I have to begin this entry with a confession, I’ve never understood why people keep blogs. In fact, I’ve always kind of looked at ‘bloggers’ with disdain; what makes you so important that you think people will even bother to read it? But I suppose I had that attitude because I didn’t have anything to say. Well, now I do. I didn’t want to start this relationship off on the wrong foot, I don’t want anyone accusing me of being a hypocrite before I can get in there first and say. ‘You’re right!” Now we’ve cleared that up, let the blog begin.
Since I was forced to give up work I find myself incredibly bored. It sounds odd but I relished the long hours, quick thinking and stresses of broadcast journalism; there was never a dull day. Now I find myself forced to make the day worthwhile all by myself. Of course I’m full of good intentions, I could start up yoga, taking advantage of all the museums and art galleries London has to offer. Unfortunately, I’m prone to lazy behaviour and have been wasting what precious time I have watching the Wright Stuff and repeats of Come Dine With Me! It sounds ridiculous I know.
Being told you have months left to live at the age of 28 and you sit around your flat like it’s the school holidays and it’s a treat to watch daytime TV. My excuse is that I don’t believe that I only have months to live and so the need to see the world, educate myself on arts and history and generally live an enlightened life isn’t so urgent. Call it denial if you like, but I think it’s what will help me survive and if it keeps me from feeling sorry for myself and helps me get up in the morning and carry on with the life so many take for granted then denial doesn’t seem like such a negative word.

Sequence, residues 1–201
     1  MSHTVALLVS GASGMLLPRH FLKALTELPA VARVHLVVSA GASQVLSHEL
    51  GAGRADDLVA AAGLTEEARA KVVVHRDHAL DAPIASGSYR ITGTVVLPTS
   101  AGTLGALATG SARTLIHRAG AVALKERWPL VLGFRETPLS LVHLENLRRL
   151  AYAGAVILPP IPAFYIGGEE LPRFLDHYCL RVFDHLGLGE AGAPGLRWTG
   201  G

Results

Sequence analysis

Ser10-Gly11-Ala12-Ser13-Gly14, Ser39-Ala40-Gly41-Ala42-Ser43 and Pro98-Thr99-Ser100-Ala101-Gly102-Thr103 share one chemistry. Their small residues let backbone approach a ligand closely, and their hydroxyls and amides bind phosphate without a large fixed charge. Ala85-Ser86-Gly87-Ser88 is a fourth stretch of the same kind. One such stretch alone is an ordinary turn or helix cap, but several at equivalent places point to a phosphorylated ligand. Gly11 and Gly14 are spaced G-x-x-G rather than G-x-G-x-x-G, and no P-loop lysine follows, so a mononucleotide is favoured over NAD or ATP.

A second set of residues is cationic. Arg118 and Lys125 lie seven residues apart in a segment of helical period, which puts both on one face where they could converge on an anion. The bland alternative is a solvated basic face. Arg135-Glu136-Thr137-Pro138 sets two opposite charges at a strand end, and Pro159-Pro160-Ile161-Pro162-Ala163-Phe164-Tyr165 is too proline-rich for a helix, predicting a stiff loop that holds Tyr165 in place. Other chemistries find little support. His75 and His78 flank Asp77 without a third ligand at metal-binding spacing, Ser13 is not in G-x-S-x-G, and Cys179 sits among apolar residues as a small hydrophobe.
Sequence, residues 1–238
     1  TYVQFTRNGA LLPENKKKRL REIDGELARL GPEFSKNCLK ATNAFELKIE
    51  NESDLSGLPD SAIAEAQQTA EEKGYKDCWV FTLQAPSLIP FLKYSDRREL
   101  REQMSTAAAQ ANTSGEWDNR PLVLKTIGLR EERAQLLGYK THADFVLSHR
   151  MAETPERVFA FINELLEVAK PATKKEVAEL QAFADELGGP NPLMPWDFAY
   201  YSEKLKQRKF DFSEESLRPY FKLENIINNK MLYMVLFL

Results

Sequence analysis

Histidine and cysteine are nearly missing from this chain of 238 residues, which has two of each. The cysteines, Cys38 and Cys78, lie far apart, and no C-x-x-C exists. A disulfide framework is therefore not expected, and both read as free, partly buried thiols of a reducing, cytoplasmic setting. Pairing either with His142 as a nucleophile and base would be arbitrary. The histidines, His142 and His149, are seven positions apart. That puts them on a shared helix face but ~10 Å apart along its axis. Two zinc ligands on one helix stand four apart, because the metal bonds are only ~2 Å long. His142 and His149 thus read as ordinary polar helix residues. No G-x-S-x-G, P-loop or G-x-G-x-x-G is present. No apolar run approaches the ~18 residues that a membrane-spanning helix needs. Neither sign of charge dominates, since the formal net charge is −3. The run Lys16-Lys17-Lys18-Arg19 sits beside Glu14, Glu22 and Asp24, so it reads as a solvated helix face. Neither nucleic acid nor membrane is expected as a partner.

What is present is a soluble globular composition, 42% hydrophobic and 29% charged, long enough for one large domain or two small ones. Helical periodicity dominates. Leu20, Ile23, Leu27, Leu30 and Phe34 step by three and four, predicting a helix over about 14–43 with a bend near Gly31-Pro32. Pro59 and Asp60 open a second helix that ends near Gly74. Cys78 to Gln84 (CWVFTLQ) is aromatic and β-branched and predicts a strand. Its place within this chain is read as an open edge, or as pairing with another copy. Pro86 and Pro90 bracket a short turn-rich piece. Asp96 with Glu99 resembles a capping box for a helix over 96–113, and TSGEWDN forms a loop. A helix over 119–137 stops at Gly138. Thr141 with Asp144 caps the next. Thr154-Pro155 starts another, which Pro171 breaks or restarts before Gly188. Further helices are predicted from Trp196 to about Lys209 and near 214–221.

My initial cancer diagnosis came on May 10th 2010. What followed in the weeks after was the news that the cancer was grade three (the worst kind); after a mastectomy with immediate reconstruction I was told there was 9cm of DCIS – cancer cells in situ – and several invasive tumours, the biggest being 4cm.
Chemo was ordered and for the next five months I’d be blasted. My hair fell out, my eyelashes and eyebrows gradually thinned to nothing leaving me with a face I didn’t recognise. Every three weeks I’d let nurses put poison in my veins and thank them and smile at them for doing so. I’d be ill for around ten days and then I’d have ten of feeling ok before a vein would have to be found again and the process would be repeated.
A week before my final chemo, the one I’d been gearing up for since the start of the hideous process I was told the implant I had would have to come out. I’d been complaining for weeks of pain and bruising on the reconstructed breast but was sent away by busy surgeons. They tried to take some of the saline out of the implant to relieve the pressure, but what should have been an easy procedure proved too difficult. Something had gone wrong with the implant but I was sent away with no answers; one of the surgeons even told me to rub Savlon into the bruise.
Eventually, I was seen by a female surgeon who told me the bruised skin was in fact dying, there was no circulation to it. If only Savlon was the answer! I was rushed into emergency surgery three days before my final chemo. Lying in that hospital bed, bald, sore and anaemic from the blood I’d lost during the operation I hit a new low. I was angry at the doctors for sending me away so many times, angry at myself for being the person that wants to be liked, that smiles and says thank you when you’re ushered away without a resolution to your problem. Why didn’t I kick up a fuss, why should I have had to?
My most vivid memory of that weekend though is being in and out of sleep and my partner Tom always being there when I came to. Looking back at that weekend I remember the feelings of love and gratitude I felt towards him. Tom sat beside me and hugged me and loved me. In one of my darkest moments I was being shown the depths of love and kindness that another human being was capable of and I felt so lucky to have him in my life.